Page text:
(pp. 47-64)

      Judean literature from the Hellenistic era reflects the existence of norms absent from earlier Biblical texts: Jews ought not share food with gentiles, and they ought not eat food prepared by such foreigners, especially if that preparation involved the worship of foreign deities. By marking the difference between Us and Them and, moreover, by hindering interaction between insiders and outsiders, these norms serve the social function of preventing undue assimilation. They also construct a sense of Jewish distinctiveness and gentile otherness within a Hellenistic culture that treated identity as mutable and granted little credence to traditional claims regarding Israel’s holiness....

    • 5 “How Nice Is This Bread!”: Intersections of Talmudic Scholasticism and Foreign Food Restrictions
      (pp. 65-84)

      Jewish foreign food restrictions first appear in Judean literature of the centuries following Alexander the Great’s conquest. These restrictions reflect, in part, an effort to preserve the distinctiveness of Jewish identity within the Hellenistic world by means of separating Jews from gentiles and gentile practices. The Sages inherit these rules, the underlying notion that food practices distinguish Us from Them, and the even more fundamental concept of a binary classification of humanity into Jews and non-Jews (that is, gentiles).

      As we observed in chapter 4, the Mishnah and the Tosefta ascribe to foreign food restrictions a very different set of...


    • 6 “No Distinction between Jew and Greek”: The Roles of Food in Defining the Christ-believing Community
      (pp. 87-100)

      The first adherents of what we now call Christianity were, of course, Hellenistic Jews from Judea and the surrounding provinces. Like the early Sages, they inherited not only the Jewish scripture but also Jewish ideas and practices of their time and place. Among the latter are the notion of a binary distinction between holy Jews and mundane gentiles, a distinction marked in no small measure by differences in dietary practice, and Judean restrictions that limit access to otherwise permissible food associated with foreigners. Belief that Jesus was the messiah (Greek:christos), however, radically affected the manner in which these Jews...

    • 7 “Be on Your Guard against Food Offered to Idols”: Eidōlothuton and Early Christian Identity
      (pp. 101-109)

      The earliest advocates of the gentile mission could not have imagined the impact that their outreach would have on the composition of the Christ-believing community, its self-definition, and its attitudes toward the Jews and gentiles who remained outside its bounds. Because this mission proved far more successful than efforts to persuade Jews to accept Jesus as the messiah, the Christ-believing community and its leaders increasingly hailed from gentile backgrounds. These individuals rejected the religious traditions of their ancestors, but they did not regard their new religious identity as Jewish either. On the contrary, they understood themselves to be “neither Jew...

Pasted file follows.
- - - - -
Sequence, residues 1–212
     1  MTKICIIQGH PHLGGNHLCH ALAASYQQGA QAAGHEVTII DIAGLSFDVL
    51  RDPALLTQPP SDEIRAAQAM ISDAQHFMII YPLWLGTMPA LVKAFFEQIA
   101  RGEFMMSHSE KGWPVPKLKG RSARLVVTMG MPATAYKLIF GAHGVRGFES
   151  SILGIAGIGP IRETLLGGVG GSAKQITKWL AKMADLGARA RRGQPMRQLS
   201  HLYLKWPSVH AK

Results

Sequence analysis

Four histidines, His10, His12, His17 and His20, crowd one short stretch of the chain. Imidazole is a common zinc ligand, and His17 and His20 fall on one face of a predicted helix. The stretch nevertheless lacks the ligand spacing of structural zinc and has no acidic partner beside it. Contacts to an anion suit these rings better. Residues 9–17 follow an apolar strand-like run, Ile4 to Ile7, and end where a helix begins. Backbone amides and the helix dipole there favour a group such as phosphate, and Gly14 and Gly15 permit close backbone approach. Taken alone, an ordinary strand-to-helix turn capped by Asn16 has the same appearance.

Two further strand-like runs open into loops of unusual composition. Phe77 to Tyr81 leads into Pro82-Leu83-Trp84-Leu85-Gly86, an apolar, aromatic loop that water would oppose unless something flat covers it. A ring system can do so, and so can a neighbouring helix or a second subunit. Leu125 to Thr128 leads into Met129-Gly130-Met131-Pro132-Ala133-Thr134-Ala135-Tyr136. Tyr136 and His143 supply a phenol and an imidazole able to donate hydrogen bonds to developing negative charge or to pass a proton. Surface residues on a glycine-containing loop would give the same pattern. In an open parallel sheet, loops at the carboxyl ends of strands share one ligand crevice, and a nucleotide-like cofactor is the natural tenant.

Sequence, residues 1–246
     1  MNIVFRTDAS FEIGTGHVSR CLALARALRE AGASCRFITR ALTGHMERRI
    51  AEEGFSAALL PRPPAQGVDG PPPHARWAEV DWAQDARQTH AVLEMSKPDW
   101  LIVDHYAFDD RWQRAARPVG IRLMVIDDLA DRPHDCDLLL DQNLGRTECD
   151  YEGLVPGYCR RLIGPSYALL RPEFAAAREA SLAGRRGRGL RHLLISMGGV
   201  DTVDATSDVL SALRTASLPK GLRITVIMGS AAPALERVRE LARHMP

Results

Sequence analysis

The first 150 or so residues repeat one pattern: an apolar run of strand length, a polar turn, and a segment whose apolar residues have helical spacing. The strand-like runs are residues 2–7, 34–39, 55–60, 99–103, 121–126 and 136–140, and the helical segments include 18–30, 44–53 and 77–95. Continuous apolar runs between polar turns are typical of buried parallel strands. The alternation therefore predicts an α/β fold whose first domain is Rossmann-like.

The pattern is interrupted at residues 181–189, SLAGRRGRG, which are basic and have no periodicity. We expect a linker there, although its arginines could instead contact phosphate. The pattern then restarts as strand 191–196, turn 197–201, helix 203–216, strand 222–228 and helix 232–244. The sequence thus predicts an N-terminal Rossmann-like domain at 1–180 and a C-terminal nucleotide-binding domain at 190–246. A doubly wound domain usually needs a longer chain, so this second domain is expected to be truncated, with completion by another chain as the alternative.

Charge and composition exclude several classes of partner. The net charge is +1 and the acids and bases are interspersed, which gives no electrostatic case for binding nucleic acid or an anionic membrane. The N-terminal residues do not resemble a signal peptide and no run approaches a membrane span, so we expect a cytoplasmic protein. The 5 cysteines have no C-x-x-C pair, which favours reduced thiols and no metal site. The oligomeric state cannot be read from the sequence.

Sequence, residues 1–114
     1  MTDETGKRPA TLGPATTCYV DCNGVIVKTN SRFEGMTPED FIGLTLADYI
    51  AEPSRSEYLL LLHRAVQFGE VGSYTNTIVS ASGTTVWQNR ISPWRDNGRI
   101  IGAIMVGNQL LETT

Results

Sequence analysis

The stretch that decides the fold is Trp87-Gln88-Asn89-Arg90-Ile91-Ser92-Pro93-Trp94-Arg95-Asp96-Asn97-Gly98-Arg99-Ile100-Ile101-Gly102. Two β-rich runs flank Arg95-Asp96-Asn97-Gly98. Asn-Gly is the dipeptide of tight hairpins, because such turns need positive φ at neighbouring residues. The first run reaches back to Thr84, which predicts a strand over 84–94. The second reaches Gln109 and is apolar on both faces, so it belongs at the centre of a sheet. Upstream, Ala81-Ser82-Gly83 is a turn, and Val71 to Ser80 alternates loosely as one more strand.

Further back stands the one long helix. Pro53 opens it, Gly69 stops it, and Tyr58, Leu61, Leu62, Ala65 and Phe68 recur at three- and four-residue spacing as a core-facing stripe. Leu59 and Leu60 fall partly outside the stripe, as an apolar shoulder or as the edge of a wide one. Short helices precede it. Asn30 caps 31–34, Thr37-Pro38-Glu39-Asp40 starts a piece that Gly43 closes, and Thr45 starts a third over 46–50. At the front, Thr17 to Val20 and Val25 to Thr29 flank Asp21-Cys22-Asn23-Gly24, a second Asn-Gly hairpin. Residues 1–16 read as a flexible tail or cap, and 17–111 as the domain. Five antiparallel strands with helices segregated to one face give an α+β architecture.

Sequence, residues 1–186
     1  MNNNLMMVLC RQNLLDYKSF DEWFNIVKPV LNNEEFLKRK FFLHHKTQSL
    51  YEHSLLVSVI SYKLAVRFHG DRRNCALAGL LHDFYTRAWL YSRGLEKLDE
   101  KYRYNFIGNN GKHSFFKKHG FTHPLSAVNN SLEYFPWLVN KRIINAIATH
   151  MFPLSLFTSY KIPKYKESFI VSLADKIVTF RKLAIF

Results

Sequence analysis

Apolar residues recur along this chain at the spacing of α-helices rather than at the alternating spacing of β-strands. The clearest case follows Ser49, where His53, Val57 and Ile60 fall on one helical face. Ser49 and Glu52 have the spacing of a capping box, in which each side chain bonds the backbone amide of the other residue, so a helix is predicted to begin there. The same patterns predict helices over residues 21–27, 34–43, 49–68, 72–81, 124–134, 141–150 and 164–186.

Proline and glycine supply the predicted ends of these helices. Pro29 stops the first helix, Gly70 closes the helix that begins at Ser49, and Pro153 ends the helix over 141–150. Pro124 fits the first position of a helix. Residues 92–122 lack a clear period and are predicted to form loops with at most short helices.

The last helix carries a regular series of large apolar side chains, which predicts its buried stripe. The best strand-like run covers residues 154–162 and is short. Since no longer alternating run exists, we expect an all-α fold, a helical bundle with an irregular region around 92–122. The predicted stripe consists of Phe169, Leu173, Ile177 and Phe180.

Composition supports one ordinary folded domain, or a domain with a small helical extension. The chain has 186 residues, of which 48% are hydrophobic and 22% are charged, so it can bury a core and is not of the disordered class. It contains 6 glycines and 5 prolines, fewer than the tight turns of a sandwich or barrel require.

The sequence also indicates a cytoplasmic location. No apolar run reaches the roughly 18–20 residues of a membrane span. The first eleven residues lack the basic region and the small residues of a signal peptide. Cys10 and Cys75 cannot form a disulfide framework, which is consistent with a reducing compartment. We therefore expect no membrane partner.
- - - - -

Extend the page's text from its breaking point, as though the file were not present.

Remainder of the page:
• 8 “How Could Their Food Not Be Impure?”: Jewish Food and the Definition of Christianity
      (pp. 110-128)

      Anti-Jewish rhetoric is entwined in the very formation of Christianity. In the words of Miriam S. Taylor, this rhetoric reflects “an internal logic in which the invalidation of Judaism emerges as a theoretical necessity in the appropriation of the Jewish God and the Jewish Bible for the church. . . . The church’s portrayal of Judaism is expressed in terms of a dualism opposing Christians and Jews which is built into the very logic and into the very structure of Christian teaching.”¹ The Church Fathers perceive holiness in zero-sum terms: only one religious community can stand in a unique relationship...


    • 9 “Eat the Permitted and Good Foods God Has Given You”: Relativizing Communities in the Qur’an
      (pp. 131-143)

      Qur’anic dietary laws, like those of the Hebrew Bible and the early Christian community, express their adherents’ relationship to God without in the process segregating the Qur’an’s community of “believers” from outsiders.¹ Like early Christian counterparts, Qur’anic discourse functions as a means of defining these believers in contrast to idolaters on the one hand and Jews on the other—communities associated with distinct dietary practices.² Indeed, both the limited set of meat-related regulations endorsed by the Qur’an and its rhetoric regarding the Jews and their more extensive dietary norms closely resemble those articulated by Christian authorities.³